“Four hundred degree compass explained” ~ by Jean-Pierre Borloz
”There has been talk for years about yachts hitting floating cargo containers lost from ships. There is no doubt that it is possible, and that if it occurred the results would probably lead to the loss of the yacht. Still, containers aren't the only things to run into at sea. Nor are they probably the most numerous large, hard objects out there...”
Goto:
Ocean Navigator Online - Four hundred degree compass explained
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Old 28-04-2007, 17:11   #37
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Washed up containers...

With the exception of those containers from that ship in the English Channel I have never seen or heard of a container being washed up on shore.

This makes me suspect that containers might float, but only for a short time.
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Old 28-04-2007, 17:22   #38
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Definitely . . .

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Originally Posted by Boracay
This makes me suspect that containers might float, but only for a short time.
I think you're probably right, Boracay. It makes me think of the old Volkswagen commercial from the late 60's, IIRC, wherein an old VW Beetle, which had a reputation for being airtight, was set into the water of a deep tank. Sure enough, it floated . . . for awhile. At the end, as the Beetle slowly sank from view, the announcer said, "The Volkswagen. It definitely floats . . . but it doesn't float indefinitely!"

We can only hope that's also true for containers lost from cargo ships.

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Old 28-04-2007, 19:23   #39
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Quote:
Originally Posted by Boracay
With the exception of those containers from that ship in the English Channel I have never seen or heard of a container being washed up on shore.

This makes me suspect that containers might float, but only for a short time.
Punch 48°42'10.50"S 75°35'0.72"W into GoogleEarth - looks like they do wash ashore.
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Old 29-04-2007, 04:29   #40
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Going blind...

Sorry, can't see a thing.
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Old 29-04-2007, 05:23   #41
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Zoom in to 500 ft or so.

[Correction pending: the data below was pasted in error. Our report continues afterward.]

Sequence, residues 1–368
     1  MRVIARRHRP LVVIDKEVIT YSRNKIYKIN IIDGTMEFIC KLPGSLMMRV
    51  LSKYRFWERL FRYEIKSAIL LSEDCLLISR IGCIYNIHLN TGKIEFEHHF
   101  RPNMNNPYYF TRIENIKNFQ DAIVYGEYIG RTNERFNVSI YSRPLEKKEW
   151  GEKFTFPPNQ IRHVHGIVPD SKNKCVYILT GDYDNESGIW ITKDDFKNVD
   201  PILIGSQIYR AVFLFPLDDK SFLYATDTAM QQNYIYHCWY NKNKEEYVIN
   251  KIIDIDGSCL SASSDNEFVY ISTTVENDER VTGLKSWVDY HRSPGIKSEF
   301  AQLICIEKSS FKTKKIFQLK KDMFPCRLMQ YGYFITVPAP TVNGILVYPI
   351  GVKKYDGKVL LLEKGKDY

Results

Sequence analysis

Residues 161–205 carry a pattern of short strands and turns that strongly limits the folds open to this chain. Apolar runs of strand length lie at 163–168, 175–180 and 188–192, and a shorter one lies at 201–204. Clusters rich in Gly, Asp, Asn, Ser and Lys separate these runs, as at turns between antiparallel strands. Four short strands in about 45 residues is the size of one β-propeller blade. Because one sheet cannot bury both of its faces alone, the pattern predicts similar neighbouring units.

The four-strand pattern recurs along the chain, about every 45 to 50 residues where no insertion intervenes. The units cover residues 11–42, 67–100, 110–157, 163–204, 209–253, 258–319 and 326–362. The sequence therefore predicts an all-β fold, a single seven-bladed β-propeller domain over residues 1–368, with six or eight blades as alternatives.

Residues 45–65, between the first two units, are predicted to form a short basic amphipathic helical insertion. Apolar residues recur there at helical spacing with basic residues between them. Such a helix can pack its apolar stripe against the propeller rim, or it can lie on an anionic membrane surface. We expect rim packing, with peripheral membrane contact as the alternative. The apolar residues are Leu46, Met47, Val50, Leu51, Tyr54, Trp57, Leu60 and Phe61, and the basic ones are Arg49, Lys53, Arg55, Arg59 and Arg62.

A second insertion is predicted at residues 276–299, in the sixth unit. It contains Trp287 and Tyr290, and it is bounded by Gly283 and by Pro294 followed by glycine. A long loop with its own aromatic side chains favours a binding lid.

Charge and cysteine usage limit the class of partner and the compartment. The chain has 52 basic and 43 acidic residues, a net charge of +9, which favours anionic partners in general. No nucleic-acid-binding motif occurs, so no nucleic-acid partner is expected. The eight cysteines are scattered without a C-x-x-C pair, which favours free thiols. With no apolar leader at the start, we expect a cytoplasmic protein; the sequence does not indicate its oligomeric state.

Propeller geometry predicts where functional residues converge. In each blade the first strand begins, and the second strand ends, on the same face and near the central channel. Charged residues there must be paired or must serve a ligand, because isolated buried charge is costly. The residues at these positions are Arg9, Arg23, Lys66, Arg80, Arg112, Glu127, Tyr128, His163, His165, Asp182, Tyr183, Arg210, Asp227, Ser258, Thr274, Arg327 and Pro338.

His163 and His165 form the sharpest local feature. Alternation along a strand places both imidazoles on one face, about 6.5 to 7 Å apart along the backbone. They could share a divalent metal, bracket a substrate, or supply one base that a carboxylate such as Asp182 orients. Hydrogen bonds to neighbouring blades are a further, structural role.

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Old 29-04-2007, 05:47   #42
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I've never seen a container but I have seen large wooden pallets floating.
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Old 29-04-2007, 08:20   #43
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You're right, Lodesman . . .

Quote:
Originally Posted by Lodesman
Punch 48°42'10.50"S 75°35'0.72"W into GoogleEarth - looks like they do wash ashore.
If that isn't a beached container (probably a 40'er), I don't know what it is. And if it is, then washing ashore there on the Chilean coast is the only reasonable explanation for how it came to be where it is.

Boracay, copy the coordinates from Lodesman's post above, then paste what you've copied into the search box at Google Earth, hit search and you will "fly" directly to those lat/lon coordinates. If necessary, zoom in until you see the long rectangular object stranded on the beach. It sure looks like a shipping container to me.

Good find, Lodesman!

Most likely, this went overboard in one of those legendary Cape Horn storms, and it may not have floated for very long before it was driven ashore. Still, it's worth pondering how long it was bobbing along offshore before beaching.

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Old 29-04-2007, 10:36   #44
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Quote:
Originally Posted by BambooSailor
Andy Copeland posted this relevant report on other thread:
Filling Beneteau's void spaces with 'high density foam' ??? Sounds as if the boat would be too heavy to sail.

The modern fabrication method of sticking an inner skin moulding to the (usually thin?) hull moulding worries me. How on earth do you find the leak? Once found can you get there to repair it?

I've seen solid laminated fibreglass boats where the holes have closed pretty tight after the impactor has been removed ..... others where a lot of laminate has punched out. Obviously different qualities of laminate.

I've also seen a Victoria 35? that was T-boned in the English Channel by a cargo ship and survived to return home under it's own steam. The owners were so impressed that they bought the boatyard I believe.
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Old 29-04-2007, 20:14   #45
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Ok, I agree...

... it's a 13 m container.